“It is important to note that the council’s effort to disseminate this evaluation is intended to educate Oklahoma citizens and voters,” said Morgan.  “In Oklahoma, judges are on retention ballots, and voters have a right to more information before casting their ballot,” Morgan said.

“Voters need to know that judges looking at the very same set of facts with the same rule of law to guide them often rule in differing ways. Voters deserve to know if our Court of Civil Appeals judges are following the constitution and deciding cases based on the laws passed by the Legislature and signed by the governor or are they expanding liability and creating new law? This evaluation will arm them with the facts.”

The Economic Judicial Report (EJR), based in Oklahoma, which compiled these evaluations, states that “the decisions chosen for inclusion in the report(s) are principally those that meet two criteria:  first, in the opinion of EJR they will tend either to expand liability even further or, conversely, help stop its spread; second they present legal issues about which judges who heard or reviewed a case disagreed.”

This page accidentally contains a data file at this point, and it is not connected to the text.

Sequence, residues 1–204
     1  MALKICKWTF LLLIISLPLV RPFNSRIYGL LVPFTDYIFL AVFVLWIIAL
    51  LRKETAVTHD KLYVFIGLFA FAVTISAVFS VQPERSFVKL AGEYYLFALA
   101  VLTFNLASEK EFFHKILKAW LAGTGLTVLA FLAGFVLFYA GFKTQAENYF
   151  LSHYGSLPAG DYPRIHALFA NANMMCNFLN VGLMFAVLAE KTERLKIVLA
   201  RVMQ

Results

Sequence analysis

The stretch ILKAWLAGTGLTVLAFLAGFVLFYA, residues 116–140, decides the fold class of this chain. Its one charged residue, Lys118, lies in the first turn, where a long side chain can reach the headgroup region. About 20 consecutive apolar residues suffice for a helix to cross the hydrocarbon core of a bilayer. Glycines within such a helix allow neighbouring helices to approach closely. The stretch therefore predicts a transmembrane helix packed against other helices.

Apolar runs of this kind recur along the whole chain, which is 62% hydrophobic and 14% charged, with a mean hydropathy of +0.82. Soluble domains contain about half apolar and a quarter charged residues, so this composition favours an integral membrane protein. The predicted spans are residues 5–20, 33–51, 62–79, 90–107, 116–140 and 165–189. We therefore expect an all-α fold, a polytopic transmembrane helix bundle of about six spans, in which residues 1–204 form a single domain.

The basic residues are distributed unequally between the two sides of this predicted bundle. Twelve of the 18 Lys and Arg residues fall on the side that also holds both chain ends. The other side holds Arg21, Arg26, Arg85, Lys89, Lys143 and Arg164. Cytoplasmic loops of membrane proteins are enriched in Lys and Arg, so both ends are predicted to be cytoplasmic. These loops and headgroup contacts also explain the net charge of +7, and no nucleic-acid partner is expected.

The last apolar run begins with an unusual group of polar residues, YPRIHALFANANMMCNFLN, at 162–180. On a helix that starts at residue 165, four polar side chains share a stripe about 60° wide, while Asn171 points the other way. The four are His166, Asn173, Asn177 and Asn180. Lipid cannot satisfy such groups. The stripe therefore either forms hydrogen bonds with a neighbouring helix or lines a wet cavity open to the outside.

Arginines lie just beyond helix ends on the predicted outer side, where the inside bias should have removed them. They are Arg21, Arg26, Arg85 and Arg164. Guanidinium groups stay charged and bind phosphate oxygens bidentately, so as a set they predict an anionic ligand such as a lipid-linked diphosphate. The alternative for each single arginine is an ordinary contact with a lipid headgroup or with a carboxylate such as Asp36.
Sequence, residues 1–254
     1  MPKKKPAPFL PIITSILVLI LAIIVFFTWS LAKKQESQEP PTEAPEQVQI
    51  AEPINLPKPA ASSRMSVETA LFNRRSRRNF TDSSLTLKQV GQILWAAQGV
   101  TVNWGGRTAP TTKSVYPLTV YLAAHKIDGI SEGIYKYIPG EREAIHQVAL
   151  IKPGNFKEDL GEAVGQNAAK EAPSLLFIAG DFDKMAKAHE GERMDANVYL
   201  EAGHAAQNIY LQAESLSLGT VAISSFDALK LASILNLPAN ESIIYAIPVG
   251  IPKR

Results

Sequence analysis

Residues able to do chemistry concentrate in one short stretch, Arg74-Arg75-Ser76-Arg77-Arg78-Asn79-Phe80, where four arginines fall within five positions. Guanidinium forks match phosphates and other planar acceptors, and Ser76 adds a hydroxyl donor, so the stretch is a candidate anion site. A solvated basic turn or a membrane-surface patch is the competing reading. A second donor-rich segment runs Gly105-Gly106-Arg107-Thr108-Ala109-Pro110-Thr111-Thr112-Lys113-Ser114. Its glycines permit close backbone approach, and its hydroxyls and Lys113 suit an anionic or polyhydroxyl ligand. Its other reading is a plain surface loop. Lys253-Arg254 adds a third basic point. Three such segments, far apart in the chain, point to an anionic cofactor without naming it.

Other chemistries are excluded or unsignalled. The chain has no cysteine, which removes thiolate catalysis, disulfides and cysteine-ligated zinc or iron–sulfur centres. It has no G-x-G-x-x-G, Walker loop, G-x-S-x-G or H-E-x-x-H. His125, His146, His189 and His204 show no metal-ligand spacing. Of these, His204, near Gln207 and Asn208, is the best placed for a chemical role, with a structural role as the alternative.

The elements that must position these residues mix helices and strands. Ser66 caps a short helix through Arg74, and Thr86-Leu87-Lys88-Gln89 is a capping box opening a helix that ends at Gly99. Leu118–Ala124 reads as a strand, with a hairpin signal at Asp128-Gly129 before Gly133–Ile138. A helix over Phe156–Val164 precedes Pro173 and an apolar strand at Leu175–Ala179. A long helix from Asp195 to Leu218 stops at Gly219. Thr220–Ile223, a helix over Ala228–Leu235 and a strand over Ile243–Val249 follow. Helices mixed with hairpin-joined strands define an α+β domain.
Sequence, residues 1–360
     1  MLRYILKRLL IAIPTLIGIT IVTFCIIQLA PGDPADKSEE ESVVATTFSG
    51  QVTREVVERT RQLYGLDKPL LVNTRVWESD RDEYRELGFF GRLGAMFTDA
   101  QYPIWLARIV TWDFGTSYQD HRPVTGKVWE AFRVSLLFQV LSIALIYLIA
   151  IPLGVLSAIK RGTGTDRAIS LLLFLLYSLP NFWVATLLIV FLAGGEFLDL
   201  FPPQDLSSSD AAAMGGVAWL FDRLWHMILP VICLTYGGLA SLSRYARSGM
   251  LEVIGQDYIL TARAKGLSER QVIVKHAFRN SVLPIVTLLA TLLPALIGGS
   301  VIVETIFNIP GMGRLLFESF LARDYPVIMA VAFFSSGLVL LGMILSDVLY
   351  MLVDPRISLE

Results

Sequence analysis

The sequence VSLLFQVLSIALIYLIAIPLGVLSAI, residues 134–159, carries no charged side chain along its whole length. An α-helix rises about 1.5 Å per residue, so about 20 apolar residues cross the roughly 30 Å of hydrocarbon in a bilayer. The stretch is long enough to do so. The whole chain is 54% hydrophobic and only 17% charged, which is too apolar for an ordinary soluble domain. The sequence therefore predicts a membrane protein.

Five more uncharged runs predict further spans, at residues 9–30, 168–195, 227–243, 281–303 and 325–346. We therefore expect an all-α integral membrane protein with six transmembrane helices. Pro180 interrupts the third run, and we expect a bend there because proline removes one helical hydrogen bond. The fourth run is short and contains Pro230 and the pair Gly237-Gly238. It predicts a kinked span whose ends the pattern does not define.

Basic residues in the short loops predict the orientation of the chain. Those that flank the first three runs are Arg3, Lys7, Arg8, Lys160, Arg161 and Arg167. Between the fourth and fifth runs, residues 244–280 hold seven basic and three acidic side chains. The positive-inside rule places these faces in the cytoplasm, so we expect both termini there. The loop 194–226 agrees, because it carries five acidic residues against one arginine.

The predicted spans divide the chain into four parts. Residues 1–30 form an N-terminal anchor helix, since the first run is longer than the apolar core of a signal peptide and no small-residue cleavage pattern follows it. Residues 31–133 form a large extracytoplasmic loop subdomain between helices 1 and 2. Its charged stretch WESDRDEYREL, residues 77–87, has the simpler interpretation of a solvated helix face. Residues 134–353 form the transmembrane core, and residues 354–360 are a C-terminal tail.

To read the full evaluations and access the citations to the respective cases used in these evaluations, click the navigation tab above.

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Oklahoma Civil Justice Council Releases Initial Judicial Evaluation of the Oklahoma Supreme Court

OKLAHOMA CITY—The Oklahoma Civil Justice Council (OCJC) released its inaugural evaluation of the Oklahoma Supreme Court today.

This evaluation analyzes cases that can have an impact on the economic development and institutional life of the state and that involve liability creation and its expansion or restraint. The evaluations were conducted by the Judicial Evaluation Institute of Washington, D.C. and Sequoyah Information Systems. One hundred and forty five cases were selected in the initial Oklahoma Supreme Court study.  Each judge received a rating based on their individual position in each case.   
 
"The Oklahoma Civil Justice Council has been created, in part, to examine the performance of Oklahoma’s Supreme Court. It is vitally important for all Oklahomans to have information about how these cases, which often impact everyone in our state, are decided," said Fred Morgan, president of OCJC.